Adapting to the New Normal to Fix a Broken Supply Chain

Supply Chain

No matter what industry you are working in right now, odds are you’ve experienced at least some impact from supply chain constraints during the past couple of years. When the world economy tried to reboot after being essentially shut down for more than 18 months, we all learned the hard way how interconnected the global supply chain truly is and how much that affects all of us.

Now, as we navigate the ‘new normal’ sparked by the global COVID-19 pandemic, new patterns in supply and logistics are emerging and changing how we predict shifting demand. Some of these patterns will be temporary, while others will set a new baseline for years to come. In other words, business-as-usual is a thing of the past; at least for now.

A Cloudy Forecast

Well-informed, long-range forecasting continues to be critical during this ongoing supply crisis. To date, our ability to work very closely with our customers on forecasting their demand for products means that SOLiD has not had to disappoint our customers by failing to meet delivery deadlines. However, it would seem that others are not doing as well in this regard, because some of their customers are coming to us with demand for products.

On the one hand, this is a good problem to have because we love to work with new customers. On the other hand, the fact that they did not forecast demand with us in advance means that excess inventory could become depleted. Those system integrators who can’t get equipment as needed because their usual DAS provider can’t deliver could find themselves in a situation where they recognize significantly reduced revenue for the fiscal year.

One thing is certain: supply chain diversity has never been more important. If your usual DAS provider has let you down this year, give us a call to discuss diversifying your sourcing with SOLiD.

Trust is a Two-Way Street

Of course, product demand forecasting is a collaborative relationship built on honesty and commitment. If a network operator or system integrator says they need equipment on a particular date, they need to be prepared to take it. Don’t expect your supplier to sit on the inventory when other customers are ready to take it now.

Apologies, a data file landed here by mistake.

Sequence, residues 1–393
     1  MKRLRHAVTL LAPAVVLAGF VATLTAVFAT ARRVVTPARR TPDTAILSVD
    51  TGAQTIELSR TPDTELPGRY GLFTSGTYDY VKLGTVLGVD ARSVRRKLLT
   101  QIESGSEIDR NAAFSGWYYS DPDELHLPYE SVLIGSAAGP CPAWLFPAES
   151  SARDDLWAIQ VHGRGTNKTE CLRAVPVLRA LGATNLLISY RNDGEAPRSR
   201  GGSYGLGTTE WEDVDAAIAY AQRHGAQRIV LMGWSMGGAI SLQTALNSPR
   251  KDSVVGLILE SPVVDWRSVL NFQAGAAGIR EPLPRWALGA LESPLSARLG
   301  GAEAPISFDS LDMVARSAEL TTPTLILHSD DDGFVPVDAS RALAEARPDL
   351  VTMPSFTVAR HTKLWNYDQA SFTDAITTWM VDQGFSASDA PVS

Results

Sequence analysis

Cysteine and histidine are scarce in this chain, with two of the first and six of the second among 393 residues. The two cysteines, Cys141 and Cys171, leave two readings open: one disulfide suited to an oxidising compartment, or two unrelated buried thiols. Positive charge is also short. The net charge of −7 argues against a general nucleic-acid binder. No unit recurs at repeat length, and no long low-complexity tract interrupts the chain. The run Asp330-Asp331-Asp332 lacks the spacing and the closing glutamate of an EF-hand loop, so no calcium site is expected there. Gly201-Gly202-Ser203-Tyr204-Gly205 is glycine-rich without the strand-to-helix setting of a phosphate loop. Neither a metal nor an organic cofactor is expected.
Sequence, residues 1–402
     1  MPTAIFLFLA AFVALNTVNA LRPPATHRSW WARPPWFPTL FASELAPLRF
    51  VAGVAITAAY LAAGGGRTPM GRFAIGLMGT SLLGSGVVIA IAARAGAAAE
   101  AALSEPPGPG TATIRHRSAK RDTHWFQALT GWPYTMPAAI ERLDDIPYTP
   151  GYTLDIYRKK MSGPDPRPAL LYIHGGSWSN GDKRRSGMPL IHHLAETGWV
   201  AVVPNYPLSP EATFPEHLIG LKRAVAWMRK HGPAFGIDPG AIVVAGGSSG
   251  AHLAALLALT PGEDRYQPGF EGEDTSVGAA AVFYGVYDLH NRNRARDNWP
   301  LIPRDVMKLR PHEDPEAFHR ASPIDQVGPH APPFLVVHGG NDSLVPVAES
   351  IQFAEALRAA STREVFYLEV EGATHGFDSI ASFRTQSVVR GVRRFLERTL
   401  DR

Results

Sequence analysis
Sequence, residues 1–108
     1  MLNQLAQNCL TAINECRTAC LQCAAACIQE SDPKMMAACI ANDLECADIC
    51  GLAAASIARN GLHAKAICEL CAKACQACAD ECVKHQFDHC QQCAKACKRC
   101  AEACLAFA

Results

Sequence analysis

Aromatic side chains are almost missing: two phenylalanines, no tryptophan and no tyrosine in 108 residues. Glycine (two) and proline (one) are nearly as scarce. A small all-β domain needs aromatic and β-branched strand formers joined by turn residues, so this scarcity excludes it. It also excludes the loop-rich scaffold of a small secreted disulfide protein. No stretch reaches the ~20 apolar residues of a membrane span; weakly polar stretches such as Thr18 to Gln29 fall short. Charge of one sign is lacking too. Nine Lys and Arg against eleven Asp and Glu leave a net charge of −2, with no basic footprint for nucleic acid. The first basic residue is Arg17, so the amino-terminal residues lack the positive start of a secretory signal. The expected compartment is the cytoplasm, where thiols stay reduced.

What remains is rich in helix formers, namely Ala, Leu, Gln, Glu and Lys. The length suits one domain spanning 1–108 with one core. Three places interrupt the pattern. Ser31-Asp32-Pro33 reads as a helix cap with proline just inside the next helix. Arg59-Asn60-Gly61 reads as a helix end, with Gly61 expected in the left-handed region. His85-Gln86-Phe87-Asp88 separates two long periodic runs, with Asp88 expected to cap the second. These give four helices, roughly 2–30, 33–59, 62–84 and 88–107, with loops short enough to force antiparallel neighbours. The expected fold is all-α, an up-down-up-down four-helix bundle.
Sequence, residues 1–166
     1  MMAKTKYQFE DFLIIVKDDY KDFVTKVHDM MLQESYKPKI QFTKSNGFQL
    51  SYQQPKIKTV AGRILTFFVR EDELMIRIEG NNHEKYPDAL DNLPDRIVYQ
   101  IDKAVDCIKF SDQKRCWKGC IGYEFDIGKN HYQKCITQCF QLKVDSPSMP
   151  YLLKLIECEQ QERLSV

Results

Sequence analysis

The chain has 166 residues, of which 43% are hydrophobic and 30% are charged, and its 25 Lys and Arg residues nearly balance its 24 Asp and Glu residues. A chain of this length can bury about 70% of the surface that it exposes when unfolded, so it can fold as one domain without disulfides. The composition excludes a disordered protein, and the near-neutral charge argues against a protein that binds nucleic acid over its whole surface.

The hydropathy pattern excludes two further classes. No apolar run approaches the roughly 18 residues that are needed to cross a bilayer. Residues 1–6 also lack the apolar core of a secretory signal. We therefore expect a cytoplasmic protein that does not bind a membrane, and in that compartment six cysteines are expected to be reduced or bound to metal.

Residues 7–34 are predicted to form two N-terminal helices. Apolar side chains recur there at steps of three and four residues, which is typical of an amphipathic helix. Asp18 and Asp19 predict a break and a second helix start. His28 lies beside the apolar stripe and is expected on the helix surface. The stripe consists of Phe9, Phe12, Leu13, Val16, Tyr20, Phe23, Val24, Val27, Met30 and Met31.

It’s crucial that we all work together to understand immediate market needs and service priorities. Fixing the broken supply chain requires a better understanding of which changes in customer demand mix are short-lived and which represent a “paradigm shift.” These insights are a key element of integrated business planning (IBP), capacity planning, and capital planning processes.

Supply of Patience

Clearly, the normal way of doing business simply isn’t happening right now. But because today’s global supply chain is so inextricably interconnected, we can’t just insist that “the hole is in the other side of the boat” — we will all sink together regardless. For example, the prolonged shortage of components such as semiconductors has resulted in lead times exceeding a year, with component suppliers demanding upfront payment. That means tying up capital investments in product delivery for as long as two years instead of the typical 3 to 4 months, requiring us to take on considerable risk.

Yet, despite the current situation, SOLiD is succeeding thanks to our close working relationship with good customers and partners. Careful collaboration on demand forecasting and delivery allow us to maintain clarity despite a cloudy forecast, as we all stock up on plenty of patience and perseverance for the long haul. To learn how to confidently diversify your sourcing with SOLiD to achieve your revenue goals, contact your local SOLiD sales representative, or visit